How to Lead a Study Group
The study group: for undergraduate students, they’re often one option of many, whereas in graduate and law school they’re practically standard fare. If you’re planning to study with your peers, there are but a few things you absolutely have to get right to make the experience academically profitable. Lucky for you, we know them. And we want you to know them, too.
Leading a Study Group 101
- Identify your goal. Everything starts with a good idea. If you can identify benefits of studying with others, you can lead a study group. Your stated goal will be something like, “To organize and lead a study group to better understand the readings and lectures from Professor X’s class, “Survey of Mythical Beasts in 19th century Azerbaijanian Literature.” Write it down if you’re preparing notes for the group, or state it at your first group meeting.
- Identify your material. Next on your study group checklist? Gathering relevant materials for group study time. If your group meets several times over the course of the semester, this will be an ongoing project. Have all relevant texts, lecture notes, and course materials organized — for both your sake and others’.
- Identify your process. How will this group get the studying done? Will you study silently, but separately — available to each other for questions and clarifications only? Will you meet as a group and learn course materials together over several meetings? Will you split up readings via outlining tasks (this method is common in law school)? Will you be leading the group? Think about exactly how you prefer the group to be structured and how best for everyone to complete their work. Make your agenda accordingly.
- Identify your group. If you’re not going to invite your whole class to the group study, identify key players that you want studying by your side — and do it early. Speak colloquially to other students or make an announcement to the class, but be sure to start an e-mail list with relevant parties. If you care to crowdsource, find out others’ schedules. Your goal is to create the perfect study group at a time convenient for all involved. And if you can’t meet informally, make sure you’ve reserved the proper study carrels or conference rooms.
Leading Your First Study Group
Once you’ve organized the players, materials, place, and date — it’s time to get your study on!
- Introduce yourself. Once everyone has gathered at your chosen destination, introduce yourself and others. Let everyone know that if there are any questions, concerns, or issues not covered, that you’ll be available by e-mail and the rest of the group will, too. Have some fun, and meet new people. And it’s a great time to identify your goal to the group.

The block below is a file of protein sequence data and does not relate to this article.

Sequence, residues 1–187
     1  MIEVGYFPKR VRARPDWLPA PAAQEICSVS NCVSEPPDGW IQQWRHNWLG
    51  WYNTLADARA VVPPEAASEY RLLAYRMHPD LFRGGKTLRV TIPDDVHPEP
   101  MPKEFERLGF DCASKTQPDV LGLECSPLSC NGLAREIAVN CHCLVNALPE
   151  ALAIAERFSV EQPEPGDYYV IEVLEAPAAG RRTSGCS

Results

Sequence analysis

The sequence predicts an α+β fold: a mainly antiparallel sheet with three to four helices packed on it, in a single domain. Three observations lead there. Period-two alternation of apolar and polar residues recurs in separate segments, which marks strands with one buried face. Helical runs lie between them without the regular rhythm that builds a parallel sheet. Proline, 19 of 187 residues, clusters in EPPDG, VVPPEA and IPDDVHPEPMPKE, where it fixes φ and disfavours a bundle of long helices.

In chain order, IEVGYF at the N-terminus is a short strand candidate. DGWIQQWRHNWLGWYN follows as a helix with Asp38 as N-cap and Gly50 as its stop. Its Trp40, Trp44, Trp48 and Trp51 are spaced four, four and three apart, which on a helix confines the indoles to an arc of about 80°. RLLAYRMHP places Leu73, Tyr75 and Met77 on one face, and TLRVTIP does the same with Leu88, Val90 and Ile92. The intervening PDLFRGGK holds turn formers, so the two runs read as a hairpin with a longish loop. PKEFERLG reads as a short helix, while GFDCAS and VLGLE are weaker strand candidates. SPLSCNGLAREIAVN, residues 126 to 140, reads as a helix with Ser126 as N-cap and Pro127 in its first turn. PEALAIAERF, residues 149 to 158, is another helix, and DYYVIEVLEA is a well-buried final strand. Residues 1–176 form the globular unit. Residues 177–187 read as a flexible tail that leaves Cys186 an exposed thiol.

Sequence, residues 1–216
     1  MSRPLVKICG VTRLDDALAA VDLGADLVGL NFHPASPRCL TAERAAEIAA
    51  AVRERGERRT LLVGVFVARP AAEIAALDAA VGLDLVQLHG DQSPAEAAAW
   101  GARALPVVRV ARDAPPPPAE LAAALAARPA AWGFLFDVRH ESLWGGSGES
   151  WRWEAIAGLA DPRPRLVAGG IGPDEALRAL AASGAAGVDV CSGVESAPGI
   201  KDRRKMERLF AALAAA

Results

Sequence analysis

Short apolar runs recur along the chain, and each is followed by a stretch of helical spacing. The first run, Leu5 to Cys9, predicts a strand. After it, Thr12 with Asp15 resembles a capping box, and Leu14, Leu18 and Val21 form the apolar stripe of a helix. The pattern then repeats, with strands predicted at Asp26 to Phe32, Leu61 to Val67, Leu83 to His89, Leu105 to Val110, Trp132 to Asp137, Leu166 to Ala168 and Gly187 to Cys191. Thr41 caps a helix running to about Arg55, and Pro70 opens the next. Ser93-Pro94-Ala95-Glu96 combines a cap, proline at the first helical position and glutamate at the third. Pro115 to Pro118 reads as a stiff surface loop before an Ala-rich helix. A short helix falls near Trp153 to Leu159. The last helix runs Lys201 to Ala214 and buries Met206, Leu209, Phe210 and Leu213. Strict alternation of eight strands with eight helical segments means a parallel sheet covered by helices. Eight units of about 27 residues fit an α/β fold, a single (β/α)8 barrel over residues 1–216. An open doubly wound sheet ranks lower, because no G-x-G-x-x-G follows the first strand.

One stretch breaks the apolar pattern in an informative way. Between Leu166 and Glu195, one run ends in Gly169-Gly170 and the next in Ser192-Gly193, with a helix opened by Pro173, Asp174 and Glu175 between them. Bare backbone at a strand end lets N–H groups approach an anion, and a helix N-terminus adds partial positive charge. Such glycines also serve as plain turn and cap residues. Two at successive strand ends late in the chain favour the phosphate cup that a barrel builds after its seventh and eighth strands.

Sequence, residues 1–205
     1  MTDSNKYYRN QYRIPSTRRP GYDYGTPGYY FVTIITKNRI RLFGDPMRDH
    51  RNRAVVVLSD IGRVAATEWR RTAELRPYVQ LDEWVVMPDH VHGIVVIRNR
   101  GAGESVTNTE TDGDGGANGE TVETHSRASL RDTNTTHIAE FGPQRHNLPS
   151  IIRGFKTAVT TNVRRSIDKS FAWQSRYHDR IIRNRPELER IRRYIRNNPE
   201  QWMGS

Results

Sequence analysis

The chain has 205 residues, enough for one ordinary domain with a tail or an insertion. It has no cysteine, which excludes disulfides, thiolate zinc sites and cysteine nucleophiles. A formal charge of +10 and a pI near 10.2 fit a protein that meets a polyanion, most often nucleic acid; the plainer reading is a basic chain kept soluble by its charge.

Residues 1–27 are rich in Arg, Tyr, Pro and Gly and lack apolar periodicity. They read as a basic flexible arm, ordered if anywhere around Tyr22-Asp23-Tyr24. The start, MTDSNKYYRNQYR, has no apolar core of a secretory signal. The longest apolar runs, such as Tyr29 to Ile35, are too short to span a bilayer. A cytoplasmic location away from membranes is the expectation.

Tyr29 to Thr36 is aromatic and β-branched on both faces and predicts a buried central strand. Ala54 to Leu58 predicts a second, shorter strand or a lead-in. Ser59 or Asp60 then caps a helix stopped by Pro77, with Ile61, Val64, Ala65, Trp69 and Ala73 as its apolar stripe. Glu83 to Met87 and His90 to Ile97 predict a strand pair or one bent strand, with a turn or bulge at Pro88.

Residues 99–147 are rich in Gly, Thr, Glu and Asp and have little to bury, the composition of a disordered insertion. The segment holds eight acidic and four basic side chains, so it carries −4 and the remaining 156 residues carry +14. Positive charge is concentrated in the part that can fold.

- Learn from others. When leading your first formal study group, you might be in charge of assigning groups, partners, and tasks. Listen to what others have to say, and pair people that work well in sync or learn best by similar methods. If someone else has the floor, give it to them. Listen diligently — you can learn much when your eyes and mind are open.
- Study. While you can plan, talk, and outline forever, it’s easier to simply get the job done. Make sure that you see the forest through the trees; while you’re honing your leadership and social skills by leading a study group, a positive academic outcome for all involved is the strongest barometer of success.
- Focus on results. During your study sessions, ask others for feedback. Focus on getting the most out of the group you’ve assembled — for yourself and others. Don’t spend hours belaboring study tactics, but know that everyone will have the expectation of study success. While enlightenment, academic experience, and lifelong learning is paramount, fostering academic results for yourself and your group should be your ultimate goal.
- Ask questions. If you’re ever unsure of a concept, don’t be afraid to ask. Study group leaders often have to take the lead in exposing vulnerability in their understanding. It’s not a weakness, and asking questions can often lead to lively discussion. Who knows? You might get your question answered, and learn a new perspective on a concept in the process.
- Review, Rethink, Regroup. If you’re halfway organized and put the fun in functional learning, you may be asked to lead a study group again. Think about the benefits and drawbacks of your past group study experiences, and do it better next time. Many times we learn by doing, and only after performing an act can we figure out how to improve upon it. Don’t be shy; use both positive and negative feedback to frame your methodology for next time.
Hispanic Scholarship Fund: How to Form a Study Group
About.Com: How to Be a Project Leader
BookRags: How to Form a Study Group in College
Gavilan: Study Groups and College Success
Debt-Free Scholar: 6 Benefits of Study Groups